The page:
Plants of the Amazon rainforest

14 May 2021 (1279 visits)

While many tourists travel to Peru and other countries in South America in the hope of seeing major Amazon fauna, it is the incredible variety of plant species that makes the Amazon basin so special.


The Earth’s rainforests only cover around six percent of the planet’s land surface, but these incomparably biodiverse ecosystems are home to two-thirds of the world’s plant life. The humidity, warmth and high annual average rainfall of tropical rainforests makes them uniquely diverse in terms of flora.


Rainforests are characterized by their dense tree growth. Tropical forests can contain as many as 100 trees species per square kilometer, while temperate forests farther north tend to be home to just three or four species. The tallest trees create a rainforest’s emergent layer, as they break through the rainforest canopy. These massive trees can grow up to 60 meters (200 feet) in height and have trunks up to 5 meters (16 feet) in diameter.


Canopy trees create the dense layer that forms the rainforest’s “ceiling”, usually between 18 meters (60 feet) and 24 meters (80 feet) above the ground. Well-known tropical rainforest trees used by traditional peoples and by our own modern world include cacao (Theobroma cacao), citrus (Citrus spp.) and cinchona trees (Cinchona pubescens, used to make quinine), and kapok (Ceiba pentandra, a victim of logging but regarded as a sacred tree by native cultures throughout the regions where it grows).


Thriving among their trees, rainforests are also home to more than 2500 species of vines. In fact, more than 90 percent of the world’s vine species are found in rainforests. Common vine species include the strangler fig (Ficus aurea), a parasitic vine with thick roots and dense foliage that eventually kills its host tree, before taking its place in the forest. Other vines include lianas. With their woody, thick stems, some species of liana are said to grow up to 3,000 feet long. Some rainforest vines even grow from the top down, descending through the forest understory before taking root in the ground.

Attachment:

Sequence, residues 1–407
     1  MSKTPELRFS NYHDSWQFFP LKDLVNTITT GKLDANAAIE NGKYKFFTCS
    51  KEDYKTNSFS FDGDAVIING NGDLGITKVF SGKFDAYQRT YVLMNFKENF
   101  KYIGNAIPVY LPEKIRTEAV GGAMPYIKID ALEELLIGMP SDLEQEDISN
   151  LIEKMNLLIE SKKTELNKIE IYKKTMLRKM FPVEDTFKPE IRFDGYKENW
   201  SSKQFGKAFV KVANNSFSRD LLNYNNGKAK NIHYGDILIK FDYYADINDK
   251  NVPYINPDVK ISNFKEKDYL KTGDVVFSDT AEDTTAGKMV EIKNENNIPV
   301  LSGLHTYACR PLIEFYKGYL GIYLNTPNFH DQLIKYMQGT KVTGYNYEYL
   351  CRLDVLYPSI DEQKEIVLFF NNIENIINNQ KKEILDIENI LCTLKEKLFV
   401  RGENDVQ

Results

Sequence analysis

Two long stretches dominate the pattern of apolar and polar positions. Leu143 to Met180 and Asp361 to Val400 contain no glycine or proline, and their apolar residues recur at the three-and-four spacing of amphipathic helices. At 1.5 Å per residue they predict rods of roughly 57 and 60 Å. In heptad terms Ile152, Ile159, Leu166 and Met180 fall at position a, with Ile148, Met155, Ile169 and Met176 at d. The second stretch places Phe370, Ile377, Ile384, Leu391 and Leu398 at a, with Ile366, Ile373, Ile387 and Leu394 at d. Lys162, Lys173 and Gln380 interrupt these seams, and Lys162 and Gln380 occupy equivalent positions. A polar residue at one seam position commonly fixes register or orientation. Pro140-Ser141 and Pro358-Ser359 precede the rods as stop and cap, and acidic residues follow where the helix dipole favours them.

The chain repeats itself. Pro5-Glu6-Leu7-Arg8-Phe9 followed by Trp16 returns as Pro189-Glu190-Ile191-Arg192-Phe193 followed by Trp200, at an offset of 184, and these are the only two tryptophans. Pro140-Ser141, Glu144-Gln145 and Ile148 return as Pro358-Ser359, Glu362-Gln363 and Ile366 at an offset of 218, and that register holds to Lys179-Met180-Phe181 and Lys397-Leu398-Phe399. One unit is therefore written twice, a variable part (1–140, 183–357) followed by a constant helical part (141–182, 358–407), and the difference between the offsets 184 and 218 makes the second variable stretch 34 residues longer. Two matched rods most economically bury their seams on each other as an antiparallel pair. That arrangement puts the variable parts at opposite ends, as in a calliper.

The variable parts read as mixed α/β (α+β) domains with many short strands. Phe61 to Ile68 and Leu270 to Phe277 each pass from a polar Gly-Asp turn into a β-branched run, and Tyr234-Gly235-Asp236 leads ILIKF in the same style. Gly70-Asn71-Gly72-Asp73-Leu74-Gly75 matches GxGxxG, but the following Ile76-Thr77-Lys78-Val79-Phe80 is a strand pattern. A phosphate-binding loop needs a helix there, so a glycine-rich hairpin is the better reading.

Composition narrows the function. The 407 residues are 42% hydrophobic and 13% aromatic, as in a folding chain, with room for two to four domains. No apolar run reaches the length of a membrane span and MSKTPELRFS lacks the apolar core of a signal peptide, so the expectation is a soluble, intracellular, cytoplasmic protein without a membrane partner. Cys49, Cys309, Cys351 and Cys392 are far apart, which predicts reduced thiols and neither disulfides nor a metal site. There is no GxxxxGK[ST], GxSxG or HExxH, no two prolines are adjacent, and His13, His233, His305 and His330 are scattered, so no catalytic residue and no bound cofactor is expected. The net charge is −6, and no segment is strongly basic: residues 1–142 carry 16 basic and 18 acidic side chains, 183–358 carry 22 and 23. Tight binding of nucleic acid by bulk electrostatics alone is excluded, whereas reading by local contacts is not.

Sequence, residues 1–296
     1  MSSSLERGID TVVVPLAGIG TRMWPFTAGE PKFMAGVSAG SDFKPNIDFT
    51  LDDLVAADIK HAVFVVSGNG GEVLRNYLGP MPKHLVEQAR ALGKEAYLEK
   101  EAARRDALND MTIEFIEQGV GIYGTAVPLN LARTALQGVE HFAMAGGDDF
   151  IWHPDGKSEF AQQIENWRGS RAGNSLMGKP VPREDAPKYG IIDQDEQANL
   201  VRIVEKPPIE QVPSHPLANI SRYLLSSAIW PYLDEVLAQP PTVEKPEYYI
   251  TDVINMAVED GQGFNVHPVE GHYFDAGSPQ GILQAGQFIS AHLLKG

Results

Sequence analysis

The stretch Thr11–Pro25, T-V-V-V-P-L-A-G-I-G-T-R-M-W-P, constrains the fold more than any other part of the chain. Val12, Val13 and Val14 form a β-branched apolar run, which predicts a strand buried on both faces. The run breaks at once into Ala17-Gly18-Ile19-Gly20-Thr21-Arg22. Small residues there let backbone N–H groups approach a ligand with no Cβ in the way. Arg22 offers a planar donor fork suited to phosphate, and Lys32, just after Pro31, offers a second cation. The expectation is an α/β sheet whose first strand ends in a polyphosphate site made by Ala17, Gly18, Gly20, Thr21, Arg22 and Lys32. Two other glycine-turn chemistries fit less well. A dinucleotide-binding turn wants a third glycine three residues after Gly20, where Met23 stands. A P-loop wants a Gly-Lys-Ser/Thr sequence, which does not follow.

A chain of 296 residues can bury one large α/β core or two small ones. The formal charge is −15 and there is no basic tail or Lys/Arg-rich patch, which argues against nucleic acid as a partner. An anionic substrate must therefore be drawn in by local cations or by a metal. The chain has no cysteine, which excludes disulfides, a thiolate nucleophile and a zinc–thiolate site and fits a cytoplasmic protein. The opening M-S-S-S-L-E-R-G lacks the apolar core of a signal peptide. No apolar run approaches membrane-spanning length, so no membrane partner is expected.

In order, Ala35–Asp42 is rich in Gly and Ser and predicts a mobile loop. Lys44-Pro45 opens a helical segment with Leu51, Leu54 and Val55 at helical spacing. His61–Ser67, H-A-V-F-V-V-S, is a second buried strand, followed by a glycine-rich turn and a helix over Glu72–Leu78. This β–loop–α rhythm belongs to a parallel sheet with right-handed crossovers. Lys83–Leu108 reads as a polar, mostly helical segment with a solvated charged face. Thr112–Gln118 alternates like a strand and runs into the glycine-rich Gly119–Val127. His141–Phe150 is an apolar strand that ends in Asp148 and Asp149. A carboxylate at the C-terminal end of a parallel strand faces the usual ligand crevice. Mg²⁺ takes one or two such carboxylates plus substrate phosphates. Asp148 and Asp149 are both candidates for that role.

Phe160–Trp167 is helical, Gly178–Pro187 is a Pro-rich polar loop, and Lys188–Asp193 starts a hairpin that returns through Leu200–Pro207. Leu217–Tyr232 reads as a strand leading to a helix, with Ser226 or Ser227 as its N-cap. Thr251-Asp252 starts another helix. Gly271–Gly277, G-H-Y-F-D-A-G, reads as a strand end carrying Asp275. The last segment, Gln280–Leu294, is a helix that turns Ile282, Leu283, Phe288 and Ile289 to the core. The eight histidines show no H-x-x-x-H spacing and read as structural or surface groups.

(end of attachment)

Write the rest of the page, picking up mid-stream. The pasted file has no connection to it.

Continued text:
The tropical rainforest canopy is also home to many species of bromeliads. The waxy foliage of these bowl-shaped plants gathers and stores water efficiently. Some species of bromeliad can contain several liters of water, making them the ideal host plants for species ranging from insects to frogs. Unlike those species of vines which exist as parasites, bromeliads do not harm their host trees.


Epiphytes grow in abundance in tropical rainforests. Also known as air plants, these remarkable plants have evolved so that they do not need to rely on the often nutrient-poor soils of the rainforest. Instead, epiphytes obtain nutrients and moisture from the air, and from forest debris. Epiphytes grow on trees or other large plants, taking the form of ferns, mosses, lichens and orchids. Like bromeliads, epiphytes attach themselves to a host plant merely for support. Some bromeliads and vines grow in the form of epiphytes.


At Tambopata Ecolodge, in the rainforests of southeastern Peru, we work to conserve one small corner of the Amazon basin, and to introduce the world’s travelers to our conservation model based on sustainable ecotourism. Our expert naturalist guides are skilled in revealing to our guests the enormous variety of tropical forest flora we help to protect.



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Check out the itineraries we offer:

rainforest EXPERIENCE

3 days (USD 494.00)

rainforest EXPLORER

4 days (USD 677.00)

rainforest ENCOUNTER

4 days (USD 761.00)

rainforest ADVENTURE

4 days (USD 932.00)

rainforest JOURNEY

4 days (USD 1148.00)

rainforest EXPEDITION

5 days (USD 1370.00)

What your rainforest visit means

In Peru ecotourism has helped make it possible to create national reserves and save the forests of the Amazon basin from destruction. By implementing our ecotourism-based conservation model (see our video), we are ensuring the forests will be around for future generations to appreciate. Pioneering projects like Tambopata Ecolodge, which was established in 1991, serve as a conservation model, by showing how responsible ecotourism can support conservation initiatives.
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